Endure: Mind, Body, and the Curiously Elastic Limits of Human Performance

Endure: Mind, Body, and the Curiously Elastic Limits of Human Performance

"Reveals how we can all surpass our perceived physical limits." --Adam Grant - "This book is AMAZING!" --Malcolm Gladwell Limits are an illusion: a revolutionary book that reveals the secrets of reaching the hidden extra potential within us all Foreword by Malcolm Gladwell The capacity to endure is the key trait that underlies great performance in virtually every field--from "Reveals how we can all surpass our perceived physical limits." --Adam Grant - "This book is AMAZING!" --Malco...

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Title:Endure: Mind, Body, and the Curiously Elastic Limits of Human Performance
Author:Alex Hutchinson
Rating:
Genres:Nonfiction
ISBN:0062499971
Format Type:ebook
Number of Pages:320 pages pages

Endure: Mind, Body, and the Curiously Elastic Limits of Human Performance Reviews

  • Daniel
    Apr 22, 2018

    Much like Homer Simpson was disappointed to learn that "The Lottery" by Shirley Jackson was not a book on how to win the lottery, I was dismayed to discover that "Endure" offers very little concrete insights on how endurance can be increased. Instead, "Endure" is an exploration of the ...

    I found Hutchinson's journalistic style of reporting on Endurance to be highly enjoyable. I was able to form my own ideas and I often there was an answer coming when I wanted to challenge what I was reading. I appreciated the journey of this book and the fascinating detail. ...

    Libro muy interesante sobre el estado del arte en materia de resistencia física. El cuerpo humano tiene demasiadas variables interesantes. No es un libro de entrenamiento pero ayuda a entenderse mientras se entrena. ...

    Perfect book for anyone gearing up for the Olympics. I'll post my NY Post feature on it when it runs... ...

    I don't like that Alex Hutchinson's "Endure" is "written in the spirit of Malcolm Gladwell." It reminds me of what Stephen King said in On Writing: "Any book that has the description, 'written in the spirit of,' is probably the pits" (or something to that effect, I'm not going to fish ...

    This was a strong tour of the physiology and psychology of endurance sports. With a good mix of stories and studies, this book covers a wide range of science debates, mostly centering around the question: How big of a factor is mental self-control? We know there are physical limits (lo...

    [2018; Next Big Idea Club] Well researched. His own passion for the subject comes through which is nice. Covered the limits we have to endure - muscle, oxygen, heat, thirst, etc. - and the brain's influence on these physical limits. Not sure many of the older/first (early 1900s) resear...

    Disclaimer: I don't typically enjoy nonfiction books. I always-ALWAYS-need a narrative. It can be a bunch of little narratives that turn out sort of like short stories (e.g., What the Dog Saw by Malcolm Gladwell), or an overarching narrative (...nothing comes to mind, actually). But no...

    I am interested in long distance running; I am not necessarily all that motivated to do it, however. In college, I cut way back on calories and started running daily. By the end of the semester, I had lost more than 25 lbs and was in some of the best shape of my life. It was then that ...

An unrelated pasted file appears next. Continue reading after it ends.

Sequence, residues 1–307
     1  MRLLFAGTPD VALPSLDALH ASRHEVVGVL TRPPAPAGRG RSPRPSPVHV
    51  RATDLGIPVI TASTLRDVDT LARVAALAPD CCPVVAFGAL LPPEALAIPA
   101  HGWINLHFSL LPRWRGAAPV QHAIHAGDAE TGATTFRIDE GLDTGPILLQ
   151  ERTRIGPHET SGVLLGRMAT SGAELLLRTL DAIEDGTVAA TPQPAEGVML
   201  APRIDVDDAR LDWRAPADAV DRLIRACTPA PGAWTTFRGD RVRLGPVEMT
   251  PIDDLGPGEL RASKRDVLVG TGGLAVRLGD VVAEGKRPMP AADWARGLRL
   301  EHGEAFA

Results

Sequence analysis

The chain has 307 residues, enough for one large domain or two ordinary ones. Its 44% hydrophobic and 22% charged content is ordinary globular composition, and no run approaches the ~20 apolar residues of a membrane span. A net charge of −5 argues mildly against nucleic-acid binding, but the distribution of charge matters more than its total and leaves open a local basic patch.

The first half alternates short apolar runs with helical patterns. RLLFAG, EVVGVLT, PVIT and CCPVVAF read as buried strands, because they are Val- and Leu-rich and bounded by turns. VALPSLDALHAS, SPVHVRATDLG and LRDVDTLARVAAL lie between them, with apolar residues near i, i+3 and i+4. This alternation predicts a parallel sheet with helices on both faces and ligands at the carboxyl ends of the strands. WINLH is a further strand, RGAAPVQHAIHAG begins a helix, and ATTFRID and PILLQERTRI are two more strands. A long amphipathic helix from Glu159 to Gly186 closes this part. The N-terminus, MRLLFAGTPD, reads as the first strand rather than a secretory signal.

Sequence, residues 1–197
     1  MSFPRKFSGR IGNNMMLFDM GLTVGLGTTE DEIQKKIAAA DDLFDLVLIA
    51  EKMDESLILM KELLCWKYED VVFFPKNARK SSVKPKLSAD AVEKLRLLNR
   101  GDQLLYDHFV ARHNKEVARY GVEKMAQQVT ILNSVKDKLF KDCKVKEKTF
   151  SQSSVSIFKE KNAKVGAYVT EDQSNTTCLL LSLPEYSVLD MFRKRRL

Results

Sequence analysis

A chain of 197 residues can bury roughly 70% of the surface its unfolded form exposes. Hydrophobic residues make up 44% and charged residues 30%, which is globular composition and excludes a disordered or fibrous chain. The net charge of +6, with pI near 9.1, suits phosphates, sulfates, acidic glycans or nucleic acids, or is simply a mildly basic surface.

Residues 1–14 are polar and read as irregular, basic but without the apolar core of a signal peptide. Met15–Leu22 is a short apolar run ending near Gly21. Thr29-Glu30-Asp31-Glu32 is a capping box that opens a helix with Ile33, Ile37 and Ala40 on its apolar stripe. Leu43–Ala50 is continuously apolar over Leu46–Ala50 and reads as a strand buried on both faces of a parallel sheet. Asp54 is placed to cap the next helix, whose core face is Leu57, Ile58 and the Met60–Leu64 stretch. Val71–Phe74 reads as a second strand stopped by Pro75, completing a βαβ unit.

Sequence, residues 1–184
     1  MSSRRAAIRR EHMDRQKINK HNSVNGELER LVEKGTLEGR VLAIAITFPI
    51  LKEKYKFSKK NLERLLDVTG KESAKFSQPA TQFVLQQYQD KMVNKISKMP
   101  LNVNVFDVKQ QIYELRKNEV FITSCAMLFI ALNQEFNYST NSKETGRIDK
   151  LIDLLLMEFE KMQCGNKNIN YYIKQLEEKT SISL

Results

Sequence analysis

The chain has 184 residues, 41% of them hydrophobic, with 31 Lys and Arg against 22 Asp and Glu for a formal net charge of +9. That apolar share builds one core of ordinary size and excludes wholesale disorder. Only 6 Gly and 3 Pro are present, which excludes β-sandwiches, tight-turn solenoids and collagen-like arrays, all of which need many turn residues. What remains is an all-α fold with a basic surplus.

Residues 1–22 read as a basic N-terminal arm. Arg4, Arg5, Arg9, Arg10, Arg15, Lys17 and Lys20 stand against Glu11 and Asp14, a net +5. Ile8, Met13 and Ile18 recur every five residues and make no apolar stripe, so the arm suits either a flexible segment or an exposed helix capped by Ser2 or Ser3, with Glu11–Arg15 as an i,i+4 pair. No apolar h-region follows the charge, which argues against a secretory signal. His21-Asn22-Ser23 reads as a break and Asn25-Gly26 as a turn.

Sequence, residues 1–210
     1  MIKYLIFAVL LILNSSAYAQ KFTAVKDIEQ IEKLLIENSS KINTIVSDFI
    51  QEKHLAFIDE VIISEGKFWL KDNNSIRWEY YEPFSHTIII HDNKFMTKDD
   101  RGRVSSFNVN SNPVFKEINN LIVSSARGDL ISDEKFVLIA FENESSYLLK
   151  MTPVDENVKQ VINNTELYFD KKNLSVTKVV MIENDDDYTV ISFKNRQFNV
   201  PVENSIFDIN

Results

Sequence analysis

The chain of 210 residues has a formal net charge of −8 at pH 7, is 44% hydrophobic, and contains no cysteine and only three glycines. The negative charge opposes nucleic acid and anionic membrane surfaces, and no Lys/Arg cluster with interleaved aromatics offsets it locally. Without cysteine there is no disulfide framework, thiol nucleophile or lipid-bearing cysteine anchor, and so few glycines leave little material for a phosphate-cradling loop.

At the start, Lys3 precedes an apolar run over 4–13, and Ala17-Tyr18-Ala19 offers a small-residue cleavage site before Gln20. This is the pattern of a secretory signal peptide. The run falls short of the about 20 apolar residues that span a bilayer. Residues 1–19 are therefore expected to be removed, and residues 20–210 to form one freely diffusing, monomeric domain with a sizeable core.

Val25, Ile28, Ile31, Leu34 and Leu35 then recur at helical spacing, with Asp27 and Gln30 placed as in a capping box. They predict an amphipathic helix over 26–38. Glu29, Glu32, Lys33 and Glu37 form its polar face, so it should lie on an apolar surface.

Out of all the books I?ve added on Goodreads, Endure is the most difficult for me to review with an unbiased eye. The reason is that the topic discussed lies within the backdrop of a community I am very immersed in ? that of competitive running. Indeed the author is friends with ma...

    Secret Weapon: Believe You Have Another Gear In ENDURE, sports journalist Alex Hutchinson explores the latest theories and experiments designed to breakthrough endurance limits. The big question is, Why do we stop? And, Is there any way to go past the stop? One view of limitation...

    I love this kind of book. They bring science to bear on a topic that I?m interested in, acknowledge the complexity of the human condition and avoid the temptation to distill and over simplify the lessons that can be learned. Although the writer, Alex Hutchinson, is a runner, this is ...

    This is an amazing, and extremely well-written book for a geeky person who wants to explore the nature of human limits. I could hardly put it down and always look to come back to it when I have time. The author, Alex Hutchinson, is a award-winning journalist, former physicist as well a...

    Positives. Numerous. In Endure, Hutchinson explores our capacity to endure, our ability to push beyond seeming limits in many endeavors--sports of all kinds, mountain summiting, exploration... He investigates the increasingly important role of our brains, not just the machines of our b...

    Two-sided review. On the plus side, this will delight marathon runners in particular, but also any athlete engaged in endurance sports such as mountain climbing, deep sea diving, and cycling. This is full of stories, race information, and lots and lots of sleep-inducing statistics. Wel...

    Thoroughly absorbing exploration of how much human performance lies in the mind, as opposed to physical, trainable attributes. And how it can be tricked with placebos, false timings, egged on by competition and so on. I appreciated the author's inquisitive mind and journalist's ...

    This book serves as an excellent introduction to the topic of endurance. It is well written and organized, providing a summary of vast amounts of research that have been done in a very accessible manner. Anecdotes and scientific findings are interwoven in a way that allows the text to ...

    Neat surprise, I didn't expect that I'll enjoy that one as much, but I did. It's not a typical "running" book (as one could have thought, knowing that it was written by the runner) - by typical I mean one that covers all the technical aspects of running, diet, picking proper training ...